OLEAN — Early school districts are gearing up for back-to-school on Tuesday, and some of them will have new faces in leadership positions.
In the Olean City School District, new district superintendent Dr. Genelle Morris said he welcomed faculty and staff to the relationship-building buildings on Wednesday, both with new team members and among long-serving staff.
“We want to share that enthusiasm and focus with our students arriving on Tuesday,” she said.
Morris, a former deputy superintendent of schools for the city of Rochester, was named the new superintendent of Olean on June 21. She started her new role on July 11 and has spent the past two months getting to know the school community in preparation for the new school year.
“We’re thrilled that this is one of the most ‘normal’ years in a long time as we don’t have any of the COVID restrictions,” Morris said.
For the first days for teachers, everyone was encouraged to wear their school colors and a photo booth was set up to capture the new memories they were making. Morris said everyone seemed happy and ready to welcome students back.
“Next week, each of the skills has additional activities they are going to do that are more student-focused,” she said.
In high school, Morris said opening day will include an assembly of motivational speakers. Elementary and middle schools held open houses where families could meet their children’s teachers earlier this week, and a high school open house is scheduled for later in September.
“We really focus on relationships,” she said. “We encourage our parents to feel welcome and our students will be delighted to return next week to start school.”
Although the restrictions related to the coronavirus pandemic have been lifted, Morris said the school continues to be in contact with the county and the state, so if precautions need to be taken, they are ready to deal with it. .
“The state Department of Education will be sending additional PPE or masks to all schools in the state, but it’s for voluntary use by our students and staff,” she said. . “We are all hoping for a ‘normal’ school resumption.”
Morris said everyone was thrilled to see all of the students returning on behalf of the entire district. “Hopefully the kids will take this opportunity to get back to their sleep routines and get ready, and we’ll see everyone on Tuesday.”
Spending more than 30 years in urban education, primarily in Buffalo and most recently in Rochester, Morris earned her bachelor’s degree in biology from Canisius College and earned her master’s degree in science education from the University at Buffalo, where she also earned his doctorate in educational and political leadership.
In addition to her roles in the classroom and as an administrator, Morris has served as an adjunct teacher and has served on various education committees and boards at the local, regional, state, and national levels.
DURING THIS TIME, Salamanca City’s Central School District has been busy with programs all summer, but faculty and staff have been preparing for the new school year over the past two weeks, said Dr. Mark Beehler, the new district superintendent.
“The first two weeks are all about logistics,” he said, saying the administration was working with each department to ensure school buildings were ready for students. “Especially now that school safety is at the forefront of everyone’s mind.”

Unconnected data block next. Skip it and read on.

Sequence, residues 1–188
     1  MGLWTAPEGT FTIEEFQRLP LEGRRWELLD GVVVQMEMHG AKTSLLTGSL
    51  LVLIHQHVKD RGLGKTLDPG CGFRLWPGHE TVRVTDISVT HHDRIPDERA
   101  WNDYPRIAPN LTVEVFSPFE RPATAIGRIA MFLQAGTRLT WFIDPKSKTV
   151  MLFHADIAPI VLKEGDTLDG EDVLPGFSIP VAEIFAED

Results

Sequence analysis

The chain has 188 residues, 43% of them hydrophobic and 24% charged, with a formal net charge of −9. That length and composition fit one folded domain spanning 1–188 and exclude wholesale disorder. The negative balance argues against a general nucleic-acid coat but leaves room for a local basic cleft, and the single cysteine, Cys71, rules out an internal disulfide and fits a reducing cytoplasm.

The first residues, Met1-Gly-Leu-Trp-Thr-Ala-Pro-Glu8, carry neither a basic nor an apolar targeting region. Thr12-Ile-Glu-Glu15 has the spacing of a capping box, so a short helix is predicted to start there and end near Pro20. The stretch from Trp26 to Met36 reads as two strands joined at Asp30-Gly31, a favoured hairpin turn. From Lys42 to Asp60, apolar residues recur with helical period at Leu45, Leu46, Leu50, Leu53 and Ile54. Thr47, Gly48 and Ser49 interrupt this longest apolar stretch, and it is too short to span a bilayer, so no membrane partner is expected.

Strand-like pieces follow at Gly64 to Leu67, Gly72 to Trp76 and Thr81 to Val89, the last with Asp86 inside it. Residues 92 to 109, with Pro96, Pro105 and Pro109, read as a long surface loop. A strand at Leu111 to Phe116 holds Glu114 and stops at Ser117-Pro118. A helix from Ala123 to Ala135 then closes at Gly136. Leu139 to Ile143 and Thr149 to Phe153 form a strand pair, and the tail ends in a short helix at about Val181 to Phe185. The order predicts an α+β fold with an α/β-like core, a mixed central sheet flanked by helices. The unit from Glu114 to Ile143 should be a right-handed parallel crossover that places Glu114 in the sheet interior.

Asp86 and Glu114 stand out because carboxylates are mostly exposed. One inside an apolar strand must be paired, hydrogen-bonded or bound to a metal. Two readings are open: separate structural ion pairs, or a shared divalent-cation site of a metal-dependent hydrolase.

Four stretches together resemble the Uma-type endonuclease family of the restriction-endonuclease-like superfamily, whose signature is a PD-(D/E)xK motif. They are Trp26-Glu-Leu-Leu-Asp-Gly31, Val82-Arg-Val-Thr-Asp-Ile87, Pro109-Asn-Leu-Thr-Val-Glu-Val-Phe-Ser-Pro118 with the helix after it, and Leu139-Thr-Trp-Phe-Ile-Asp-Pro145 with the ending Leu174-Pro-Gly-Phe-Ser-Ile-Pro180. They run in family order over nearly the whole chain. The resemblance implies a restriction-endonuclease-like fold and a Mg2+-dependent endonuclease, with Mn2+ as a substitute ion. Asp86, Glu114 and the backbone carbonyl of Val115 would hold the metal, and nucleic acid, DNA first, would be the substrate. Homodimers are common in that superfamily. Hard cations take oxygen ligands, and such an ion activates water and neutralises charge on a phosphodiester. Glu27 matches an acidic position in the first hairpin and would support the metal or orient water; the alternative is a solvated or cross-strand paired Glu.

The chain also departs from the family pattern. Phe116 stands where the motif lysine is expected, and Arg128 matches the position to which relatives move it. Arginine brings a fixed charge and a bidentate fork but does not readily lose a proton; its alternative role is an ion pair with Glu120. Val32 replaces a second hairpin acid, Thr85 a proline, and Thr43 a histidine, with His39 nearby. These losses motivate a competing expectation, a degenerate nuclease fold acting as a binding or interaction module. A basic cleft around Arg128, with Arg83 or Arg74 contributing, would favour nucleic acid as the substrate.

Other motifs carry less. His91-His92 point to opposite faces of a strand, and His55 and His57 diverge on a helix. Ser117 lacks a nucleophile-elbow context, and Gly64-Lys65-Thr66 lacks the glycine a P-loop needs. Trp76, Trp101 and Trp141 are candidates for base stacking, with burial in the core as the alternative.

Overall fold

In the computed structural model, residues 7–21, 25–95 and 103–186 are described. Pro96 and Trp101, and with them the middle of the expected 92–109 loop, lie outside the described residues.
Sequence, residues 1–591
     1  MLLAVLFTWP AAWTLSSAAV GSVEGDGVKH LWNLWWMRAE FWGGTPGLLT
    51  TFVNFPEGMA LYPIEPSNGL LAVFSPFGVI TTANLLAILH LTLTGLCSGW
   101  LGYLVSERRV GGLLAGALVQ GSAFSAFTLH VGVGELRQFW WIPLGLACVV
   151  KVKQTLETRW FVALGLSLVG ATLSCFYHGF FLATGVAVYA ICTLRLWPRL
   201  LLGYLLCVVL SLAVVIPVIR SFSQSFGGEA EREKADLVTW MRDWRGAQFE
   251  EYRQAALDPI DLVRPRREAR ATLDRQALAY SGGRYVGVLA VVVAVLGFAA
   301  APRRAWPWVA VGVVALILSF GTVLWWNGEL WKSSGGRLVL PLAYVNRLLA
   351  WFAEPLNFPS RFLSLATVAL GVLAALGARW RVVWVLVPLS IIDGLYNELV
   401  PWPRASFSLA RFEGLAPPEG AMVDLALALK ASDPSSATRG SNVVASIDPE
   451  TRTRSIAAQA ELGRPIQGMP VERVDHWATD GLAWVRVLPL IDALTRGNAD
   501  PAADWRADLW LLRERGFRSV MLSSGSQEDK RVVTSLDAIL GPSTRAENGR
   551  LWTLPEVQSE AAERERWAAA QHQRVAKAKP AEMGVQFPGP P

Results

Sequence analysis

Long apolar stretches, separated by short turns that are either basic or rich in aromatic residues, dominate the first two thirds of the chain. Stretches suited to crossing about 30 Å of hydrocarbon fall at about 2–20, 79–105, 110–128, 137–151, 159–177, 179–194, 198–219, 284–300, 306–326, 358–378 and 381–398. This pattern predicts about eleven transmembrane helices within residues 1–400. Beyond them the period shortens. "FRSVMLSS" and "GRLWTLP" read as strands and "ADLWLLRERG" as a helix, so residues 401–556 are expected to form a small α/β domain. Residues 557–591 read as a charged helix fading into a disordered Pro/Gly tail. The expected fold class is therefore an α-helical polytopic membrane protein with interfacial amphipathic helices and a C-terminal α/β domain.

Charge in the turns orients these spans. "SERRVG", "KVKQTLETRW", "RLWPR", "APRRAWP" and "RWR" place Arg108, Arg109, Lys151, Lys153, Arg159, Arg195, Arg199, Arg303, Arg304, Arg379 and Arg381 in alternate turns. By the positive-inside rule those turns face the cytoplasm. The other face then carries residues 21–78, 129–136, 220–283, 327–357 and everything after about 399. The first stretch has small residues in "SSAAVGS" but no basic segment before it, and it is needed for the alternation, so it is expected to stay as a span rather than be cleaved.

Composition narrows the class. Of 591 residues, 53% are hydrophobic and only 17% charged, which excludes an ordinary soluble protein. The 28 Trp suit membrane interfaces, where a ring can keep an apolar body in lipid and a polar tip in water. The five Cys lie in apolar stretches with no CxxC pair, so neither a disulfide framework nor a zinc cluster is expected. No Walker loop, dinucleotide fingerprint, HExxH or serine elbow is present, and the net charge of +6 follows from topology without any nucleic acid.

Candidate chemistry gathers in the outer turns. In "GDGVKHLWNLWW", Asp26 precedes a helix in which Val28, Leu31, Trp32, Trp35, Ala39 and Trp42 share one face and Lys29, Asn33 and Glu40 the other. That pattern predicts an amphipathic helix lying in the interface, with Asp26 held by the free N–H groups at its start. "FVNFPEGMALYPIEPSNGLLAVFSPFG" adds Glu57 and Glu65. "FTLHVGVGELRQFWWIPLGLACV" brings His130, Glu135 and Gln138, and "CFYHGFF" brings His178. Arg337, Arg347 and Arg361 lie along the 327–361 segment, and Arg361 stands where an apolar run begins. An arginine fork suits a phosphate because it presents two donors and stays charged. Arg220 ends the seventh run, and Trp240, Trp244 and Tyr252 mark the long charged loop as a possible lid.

The school board named Beehler as the next superintendent in early May. He took office on July 1 after serving as an assistant and deputy superintendent at Salamanca for the past seven years.
“We are very confident, we are ready to go. We have additional support staff who will be able to answer phones, answer questions, work with students,” he said. “I’m very confident that the first day of school will be a great day for all of our students and staff.”
With COVID a much lesser concern this year, Beehler said there may still be some students and staff who are more comfortable wearing masks, which is perfectly fine. But for the most part, with the restrictions lifted, he said the district was happy to regain a sense of normalcy.
“When I first spoke with the staff, that’s what we really need to do: get back to pre-pandemic expectations,” he said. “We know that there are residual effects of the pandemic, not only learning loss, but also behavioral issues that have arisen in the last 18 months to two years that are not what we are looking for. we were expecting or that we have experienced before. Emphasis will be placed on disciplining students with an emphasis on restorative practices.
In the coming year, Beehler said the district hopes to hold more regular events at each of the schools for students and their families. From activity nights to dances to movie nights, he said they wanted the school to be a bigger part of the community after being unable to do so in recent years.
“Our goal is to have all students in the school not only to learn, but also to socialize and have positive interactions,” he added. “Our athletic competitions are amazing, but there are still a number of students who aren’t taking part in this that we want to see engaged at school.”
Beehler said he was grateful for the support from the entire community during COVID and his recent transition to the new role.
“Now we have to go back to what school was like and those consistent expectations, and we’re excited to be able to do that,” he said.
Beehler’s career in education spanned 29 years, beginning as a middle school science teacher. He went on to teach high school chemistry, driver training, and coach various sports.
Beehler’s administrative career began as an assistant principal at a college in Orchard Park. He then held various building and district level positions in West Seneca for 12 years. Beehler also served as an adjunct instructor at Daemen College for nine years.
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